By Kelly Shannon
Whether depending on our government for storm recovery, good schools, police protection or other important services, openness and access to information are essential to ensuring the job gets done.
A free flow of information helps citizens keep watch on their government. It also allows journalists to report on matters of widespread interest by scrutinizing public records and meetings and, just as importantly, asking necessary, tough questions of government officials.
In short, transparency leads to real news. It leads to the truth.
Legitimate news organizations uncover what has actually happened – and even look at what could plausibly happen in the future.
One example is the Texas Tribune and ProPublica report last year based on maps and extensive interviews examining how Houston’s rapid development made it vulnerable to heavy flooding in torrential rainstorms. During the recent rain dump of Tropical Storm Harvey, the journalists checked in again on residents they’d met who were indeed suffering through this horrific round of flooding. They did real reporting.
The term “fake news” that’s frequently used these days is on point when it’s meant to denounce made-up Internet articles designed to incite fear or hate or to simply gain clicks. It’s not a label a public official should throw around to criticize professional journalists for delivering a message the official doesn’t like.
Sometimes false or misleading information comes from government officials themselves, and journalists set the record straight.
The Austin American-Statesman used public records and other reporting to examine the deaths of nearly 300 people who died in police custody in Texas. In certain cases, including the death of 18-year-old Graham Dyer who died while in Mesquite Police Department custody after being shocked with a Taser multiple times and suffering other injuries, the details revealed in government records differed from the official police version.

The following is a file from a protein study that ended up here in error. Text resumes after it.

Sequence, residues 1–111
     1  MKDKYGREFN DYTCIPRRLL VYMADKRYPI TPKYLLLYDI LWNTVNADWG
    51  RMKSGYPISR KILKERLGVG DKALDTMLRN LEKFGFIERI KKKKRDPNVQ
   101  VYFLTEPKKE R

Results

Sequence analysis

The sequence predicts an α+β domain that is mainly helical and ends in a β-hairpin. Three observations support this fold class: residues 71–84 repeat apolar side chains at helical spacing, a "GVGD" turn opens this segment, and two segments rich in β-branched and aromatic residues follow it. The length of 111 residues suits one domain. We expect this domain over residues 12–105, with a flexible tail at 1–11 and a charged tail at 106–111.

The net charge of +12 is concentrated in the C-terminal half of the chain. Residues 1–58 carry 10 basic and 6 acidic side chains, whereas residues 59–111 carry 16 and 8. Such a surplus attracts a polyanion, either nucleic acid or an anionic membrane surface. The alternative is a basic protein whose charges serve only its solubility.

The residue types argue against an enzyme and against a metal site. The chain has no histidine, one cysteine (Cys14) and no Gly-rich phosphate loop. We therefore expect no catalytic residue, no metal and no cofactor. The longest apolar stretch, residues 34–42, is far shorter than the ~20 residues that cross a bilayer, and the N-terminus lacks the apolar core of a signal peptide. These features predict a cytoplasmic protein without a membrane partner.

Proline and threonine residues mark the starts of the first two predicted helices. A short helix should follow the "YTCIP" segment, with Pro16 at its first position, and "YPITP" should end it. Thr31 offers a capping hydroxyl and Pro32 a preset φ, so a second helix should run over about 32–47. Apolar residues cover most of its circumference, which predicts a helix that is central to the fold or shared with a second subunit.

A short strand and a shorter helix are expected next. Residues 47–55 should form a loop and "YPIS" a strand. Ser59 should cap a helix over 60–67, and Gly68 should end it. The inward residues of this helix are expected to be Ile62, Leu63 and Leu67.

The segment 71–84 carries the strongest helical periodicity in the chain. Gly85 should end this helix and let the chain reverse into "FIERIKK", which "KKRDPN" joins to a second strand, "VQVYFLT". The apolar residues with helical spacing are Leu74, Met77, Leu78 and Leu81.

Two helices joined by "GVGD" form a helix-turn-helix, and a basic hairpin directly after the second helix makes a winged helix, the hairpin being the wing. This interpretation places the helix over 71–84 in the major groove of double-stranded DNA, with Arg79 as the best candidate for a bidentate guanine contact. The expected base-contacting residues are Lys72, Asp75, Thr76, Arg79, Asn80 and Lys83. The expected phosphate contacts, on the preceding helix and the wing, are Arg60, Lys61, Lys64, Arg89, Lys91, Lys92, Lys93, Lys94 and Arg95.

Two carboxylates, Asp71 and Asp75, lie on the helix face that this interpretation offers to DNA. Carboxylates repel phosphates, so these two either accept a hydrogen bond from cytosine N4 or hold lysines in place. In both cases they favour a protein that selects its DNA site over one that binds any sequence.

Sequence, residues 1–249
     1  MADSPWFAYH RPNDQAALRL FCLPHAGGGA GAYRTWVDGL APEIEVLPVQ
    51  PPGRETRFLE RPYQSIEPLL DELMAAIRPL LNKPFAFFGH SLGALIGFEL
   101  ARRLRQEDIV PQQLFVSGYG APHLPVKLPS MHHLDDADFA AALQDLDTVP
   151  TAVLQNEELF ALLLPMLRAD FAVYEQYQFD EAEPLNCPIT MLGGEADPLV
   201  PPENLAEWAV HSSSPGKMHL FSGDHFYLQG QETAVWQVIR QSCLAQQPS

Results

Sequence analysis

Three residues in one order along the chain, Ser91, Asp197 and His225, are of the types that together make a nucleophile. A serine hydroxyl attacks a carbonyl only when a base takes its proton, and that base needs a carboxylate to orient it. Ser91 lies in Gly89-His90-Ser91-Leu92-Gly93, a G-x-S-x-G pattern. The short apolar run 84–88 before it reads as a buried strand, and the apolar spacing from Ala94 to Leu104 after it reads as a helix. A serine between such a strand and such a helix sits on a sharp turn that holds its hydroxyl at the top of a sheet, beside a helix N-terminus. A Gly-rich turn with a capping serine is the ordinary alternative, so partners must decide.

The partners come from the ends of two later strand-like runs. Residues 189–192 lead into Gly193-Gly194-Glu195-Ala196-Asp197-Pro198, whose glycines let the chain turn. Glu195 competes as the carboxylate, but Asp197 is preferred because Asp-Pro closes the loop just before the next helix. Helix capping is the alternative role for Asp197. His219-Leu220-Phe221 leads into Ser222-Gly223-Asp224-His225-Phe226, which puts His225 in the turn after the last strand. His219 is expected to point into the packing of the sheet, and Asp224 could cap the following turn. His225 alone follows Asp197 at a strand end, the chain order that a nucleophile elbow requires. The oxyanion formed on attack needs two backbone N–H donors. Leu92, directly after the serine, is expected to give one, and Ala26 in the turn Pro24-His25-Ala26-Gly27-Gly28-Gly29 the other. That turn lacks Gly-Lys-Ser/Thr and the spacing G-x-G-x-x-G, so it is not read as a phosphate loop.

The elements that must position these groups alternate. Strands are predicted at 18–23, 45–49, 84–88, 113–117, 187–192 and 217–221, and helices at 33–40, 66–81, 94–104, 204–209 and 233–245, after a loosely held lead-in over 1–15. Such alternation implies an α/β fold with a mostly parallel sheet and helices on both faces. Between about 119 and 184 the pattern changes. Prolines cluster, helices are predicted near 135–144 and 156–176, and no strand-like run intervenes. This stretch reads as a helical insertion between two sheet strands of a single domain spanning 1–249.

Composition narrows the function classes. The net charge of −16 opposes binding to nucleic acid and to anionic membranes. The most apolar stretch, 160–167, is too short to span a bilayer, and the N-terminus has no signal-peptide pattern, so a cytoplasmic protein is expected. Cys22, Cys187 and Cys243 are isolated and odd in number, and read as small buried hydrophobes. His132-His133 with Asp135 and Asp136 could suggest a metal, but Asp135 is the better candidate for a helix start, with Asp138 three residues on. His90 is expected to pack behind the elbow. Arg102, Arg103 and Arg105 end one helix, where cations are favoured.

The Waco Tribune-Herald recently cited state education rankings and emails in reporting on the Marlin Independent School District’s continued low rating by the Texas Education Agency. The district’s superintendent accused the Tribune-Herald of fabricating the news. The newspaper responded by, again, citing the public records as evidence.
In-depth reporting can happen in Texas in large part because of longstanding laws protecting the people’s right to know. The Texas Public Information Act and Texas Open Meetings Act originated more than 40 years ago because the Legislature realized the public must be able to find out what their government is doing.
Unfortunately, some loopholes developed in the Public Information Act through the years, and now Texas court decisions have further watered down the law by placing more government records off limits.
The Freedom of Information Foundation of Texas will explore the latest legislative and judicial activity on open government and the role of legitimate news gathering at its annual state conference “Transparency = Real News” on Sept. 14 in Austin. Several lawmakers will join other public officials, attorneys, journalists and business people at the conference to offer their viewpoints.
Meanwhile, an effort is under way to have lawmakers study the Public Information Act before the 2019 legislative session and make recommendations on how to improve the statute that was once so strong and made Texas a leader in information access.
Individual Texans will play a pivotal role in that process in the coming months. Those who care about open government and understand that it’s crucial for our democracy must to speak out and let their elected leaders know they support the public’s right to know.
Transparency was the Texas way for decades. It’s time to come together and embark, once again, on the road to openness and truth.
Kelley Shannon is executive director of the Freedom of Information Foundation of Texas, a non-profit based in Austin and dedicated to promoting open government and the First Amendment rights of free speech and press.